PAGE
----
Since 2018, London’s Museum of The Home has been undergoing rejuvenation and renovation on an impressive scale.
But the transformation isn’t merely physical. With the building work has come a re-examining of the Museum’s purpose and, from its grand re-opening on Saturday 12th June, visitors are invited to challenge their assumptions and consider their definitions of “home” more than ever, as they navigate a series of diverse, inspiring, and often moving exhibits.
Being no strangers to the importance of home ourselves, we were delighted to provide both our richly pigmented paint and the services of our Colour Curator to the redecoration of three new event spaces at the museum, which will play host to visitors of all kinds, from school groups to members of the local community.
Inside the Museum’s 300-year-old almshouses, which have been home to the Museum since 1914, these spaces have been brought to life with the combined efforts of the Museum’s dedicated team and a number of British brands, without whose kind donations these exciting new areas wouldn’t have been possible.
The key player in the transformations has been Plain English, a maker of fine bespoke kitchens whose team designed, crafted, and donated the cabinetry to create The Plain English Kitchen at the Museum of the Home.
Left - Stone Blue No.86 in Modern Eggshell and Modern Emulsion. Right - Walls and woodwork: Dead Salmon No.28 in Modern Eggshell, Ceiling: Skimming Stone No.241 in Estate Emulsion.
Sharing a history and a locality with the Museum – the brand opened its first showroom on Hoxton Square in 1994 – Plain English was the natural choice to bring new life to this space. “With this gift,” says Plain English Co-Founder Tony Niblock, “it is our hope that the space will be enjoyed by many as a cultural destination and meeting place for years to come”.
To supplement the artisan-crafted kitchen, elements from other like-minded British brands – including Farrow & Ball and The Farmhouse Table Company – were hand-picked by Plain English’s Katie Fontana, all meeting her exacting standards for authenticity, quality and craft.
We’re no strangers to sharing space with these two great companies, who have used Farrow & Ball colours in the making of their artisanal products for years – in fact, Plain English’s very first kitchen was painted in Berrington Blue, one of our Archive colours.
A Plain English kitchen and table painted in Stone Blue No.86
“It is such a privilege for Farrow & Ball to be involved in the restoration of this iconic building,” says Farrow & Ball Colour Curator Joa Studholme, who, along with Plain English’s Katie and Merlin, chose the Farrow & Ball paint colours for the project.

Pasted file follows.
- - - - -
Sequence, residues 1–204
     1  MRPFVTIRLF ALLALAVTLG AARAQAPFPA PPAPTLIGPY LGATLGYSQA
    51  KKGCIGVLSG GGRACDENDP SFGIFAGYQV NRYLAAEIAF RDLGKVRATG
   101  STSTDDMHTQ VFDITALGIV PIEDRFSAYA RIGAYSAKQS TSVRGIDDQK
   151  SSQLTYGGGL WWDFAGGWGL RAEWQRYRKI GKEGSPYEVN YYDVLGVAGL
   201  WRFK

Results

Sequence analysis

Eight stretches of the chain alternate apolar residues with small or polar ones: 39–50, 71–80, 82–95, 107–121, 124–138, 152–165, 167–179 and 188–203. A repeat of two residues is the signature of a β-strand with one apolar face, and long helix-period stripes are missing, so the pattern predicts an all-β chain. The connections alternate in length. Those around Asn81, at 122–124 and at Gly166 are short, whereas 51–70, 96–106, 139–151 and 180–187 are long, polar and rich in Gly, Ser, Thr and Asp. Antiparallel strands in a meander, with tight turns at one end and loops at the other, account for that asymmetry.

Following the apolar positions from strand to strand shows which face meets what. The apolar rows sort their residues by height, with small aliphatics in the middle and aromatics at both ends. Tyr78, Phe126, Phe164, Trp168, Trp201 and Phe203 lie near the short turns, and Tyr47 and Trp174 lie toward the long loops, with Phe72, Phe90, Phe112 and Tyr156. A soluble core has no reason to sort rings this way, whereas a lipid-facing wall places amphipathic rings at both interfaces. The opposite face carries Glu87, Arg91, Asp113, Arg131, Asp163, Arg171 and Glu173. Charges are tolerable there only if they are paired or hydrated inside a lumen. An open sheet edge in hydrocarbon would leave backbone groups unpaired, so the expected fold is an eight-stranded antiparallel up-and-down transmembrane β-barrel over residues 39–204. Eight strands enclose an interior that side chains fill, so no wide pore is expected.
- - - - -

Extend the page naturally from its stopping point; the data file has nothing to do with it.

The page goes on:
“The Museum has long held a place in my heart, so it was great to be a part of the team to not only honour its historic roots but also make it relevant and accessible to those who will have the treat of using it in the future.”
The kitchen space, which will be made available for events and school visits as well as for commercial hire, has been decorated with our super-tough Modern range, all in Stone Blue. This powerful duo of Modern Emulsion on walls and Modern Eggshell on cabinets is perfect for moisture- and mess-prone spaces like kitchens, as well as for guarding against wear and tear.
Before the renovation, the kitchen wasn’t living up to its full potential as a usable and beautiful space. Now, it’s well equipped to handle everything from kids’ cookery lessons to glamorous supper clubs.
“Stone Blue’s lively but timeless colour feels both distinguished and familiar, so will be welcoming for all visitors using the kitchen,” says Joa. “Our Modern Eggshell and Modern Emulsion retain that special Farrow & Ball look with its unsurpassed depth of colour, while being suitable for use in kitchens and busy areas where it demonstrates excellent scrub and stain resistance.”
We also brought our signature colours to the Lunch Room – using an eclectic and welcoming palette of Duck Green, Vardo, Dix Blue and India Yellow – and the Georgian Room, newly decorated with Dead Salmon.
The Lunch Room | Walls: Orange Coloured White No.W5, Cupboards: Duck Green No.W55, Table Legs: Vardo No.288
Along with the kitchen, these spaces are all set to extend a warm welcome to the Museum’s many visitors, inviting them to gather around the family-style wooden tables donated by our friends at The Farmhouse Table Company – to sit, share, and discover the stories of homes through time.
“We are thrilled with the paints kindly donated by Farrow & Ball,” says Director of Partnerships Lucy Littlewood, “which have transformed three vital events spaces – our Georgian Room, Kitchen and Lunch Room – into wonderful areas to be enjoyed by our local community, visitors and schools.”